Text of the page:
John 7-8

Good morning! Have you had your coffee yet today?? I find when reading the soliloquies of Jesus in John that I can quickly lose myself in the metaphors of these deceptively simple passages. Though the exact nature of the images and arguments tend to pile up in my head, what’s clear today in John 7-8 is Jesus’ antipathy for the Pharisees, Sadducees, and other Jewish authorities. While they present themselves as the ultimate authorities of Hebrew theological interpretation, Jesus claims his own identity with God as the final, definitive authority. As you can imagine, this does not go down well with the Jewish authorities, especially when he flatly contradicts them.

As I start reading in John 7, I’m brought up short almost immediately by one line: “the Jews were looking for an opportunity to kill [Jesus]”. It’s vitally important that we recognize how verses like this are distorted for anti-Semitic purposes. For centuries, Christian leaders have suggested that since “the Jews” killed Jesus, God thinks nothing of violence against Hebrew people. However, this is a gross misreading of the tradition. Especially in John, who writes at a time of great hostility among Jews and Christ-followers, we need to remember that John’s common identifier “the Jews” means more appropriately “the religious authorities”. Everyday Jews, as we see during Jesus’ Jerusalem spectacle at the time of the Festival of Booths, were hotly divided about his identity. People didn’t know what to make of his audacious claims, and even the religious leadership was at least partially split over how seriously to take the Jesus threat. Jesus antagonizes the Pharisees deliberately, stinging them with his rebukes and remarks, but they argue over the best way to respond. In describing disagreement among people about how to respond, John mirrors the reality of his own day, and of every period in history since. Interestingly, we see Nicodemus emerge again, still as a Pharisee but now speaking out timidly for Jesus to get a fair hearing. I wonder, is Nicodemus supposed to be a sympathetic stand-in for the reader, slowly making his way from doubtful skeptic to tentative explorer, and finally to active devotee at the end of John?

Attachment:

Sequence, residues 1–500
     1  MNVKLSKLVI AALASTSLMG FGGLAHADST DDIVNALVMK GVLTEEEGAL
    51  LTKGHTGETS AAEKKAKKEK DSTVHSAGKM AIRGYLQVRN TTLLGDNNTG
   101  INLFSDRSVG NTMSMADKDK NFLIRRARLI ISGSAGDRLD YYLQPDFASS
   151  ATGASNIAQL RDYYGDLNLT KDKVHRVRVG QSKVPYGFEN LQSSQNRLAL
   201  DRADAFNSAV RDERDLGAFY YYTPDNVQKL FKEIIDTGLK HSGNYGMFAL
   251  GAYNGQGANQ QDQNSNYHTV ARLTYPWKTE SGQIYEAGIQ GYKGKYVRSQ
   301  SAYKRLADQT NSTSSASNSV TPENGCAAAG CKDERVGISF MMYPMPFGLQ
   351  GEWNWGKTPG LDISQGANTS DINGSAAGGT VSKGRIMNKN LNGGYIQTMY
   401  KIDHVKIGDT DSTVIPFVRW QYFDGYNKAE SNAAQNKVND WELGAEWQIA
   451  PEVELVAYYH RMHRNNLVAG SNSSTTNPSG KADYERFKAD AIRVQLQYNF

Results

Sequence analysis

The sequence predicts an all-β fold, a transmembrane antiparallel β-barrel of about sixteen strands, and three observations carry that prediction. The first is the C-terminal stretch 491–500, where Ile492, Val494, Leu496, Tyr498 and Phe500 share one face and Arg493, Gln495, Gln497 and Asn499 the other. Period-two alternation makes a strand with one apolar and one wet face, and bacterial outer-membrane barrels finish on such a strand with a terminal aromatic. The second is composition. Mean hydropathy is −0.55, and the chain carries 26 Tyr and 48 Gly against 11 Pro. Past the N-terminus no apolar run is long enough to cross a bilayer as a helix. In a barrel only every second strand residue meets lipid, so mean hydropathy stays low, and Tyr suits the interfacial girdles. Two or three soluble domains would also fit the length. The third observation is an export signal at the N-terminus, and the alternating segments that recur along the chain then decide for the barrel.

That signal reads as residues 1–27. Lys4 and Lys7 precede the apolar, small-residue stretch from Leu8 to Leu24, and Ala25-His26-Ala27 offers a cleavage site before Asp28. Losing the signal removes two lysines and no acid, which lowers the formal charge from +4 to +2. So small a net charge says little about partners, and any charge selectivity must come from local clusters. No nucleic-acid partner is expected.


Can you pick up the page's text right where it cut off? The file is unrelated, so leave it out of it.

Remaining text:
Chapter 8’s opening story of the woman caught in adultery does not exist in some of the earliest manuscripts. The textual evidence suggests that it has been added at some later point. I’m not sure what the occasion might have been for adding a story like this (or where it comes from), but the writer wants to make clear that Jesus does not condemn “public sinners” outright, even as he tells them to change their ways. The injustice of this accusation against the woman becomes clear when we realize that the person she was sleeping with is not presented, even though she was caught “in the very act”. One other thing that has always puzzled me about this is what Jesus writes with his finger on the ground. I have always assumed that it was idle doodling, but now I see that some manuscripts suggest he writes the sins of all the accusers. Given the part of the story where they slowly slink away without stoning the woman, that detail appeals to me.

Finally, I’m struck by the clarity of identity and purpose that Jesus expresses in John. His existence as the Son of God, and a divine messenger bringing salvific knowledge to the world, is the solid rock on which he stands, impervious to critique or threat. Note in chapter 8 especially how he repeatedly uses “I am” in reference to himself (sometimes the English translation hides this). Here we also have another of his explicit “I am” statements: “I am the light of the world”. I have concerns with the black-and-white worldview that Jesus expresses here (light/darkness, flesh/Spirit, truth/falsehood, etc) because in my experience people are far more “both-and” than “either-or”, but the clarity of judgment and identity which Jesus brings allows him to make powerful, persuasive appeals for allegiance. Happy reading!

Read John 7-8.

Please join discussion of this passage at the Daily Bible Facebook group, or comment below. The passage for tomorrow is John 9-10. Thanks for reading!

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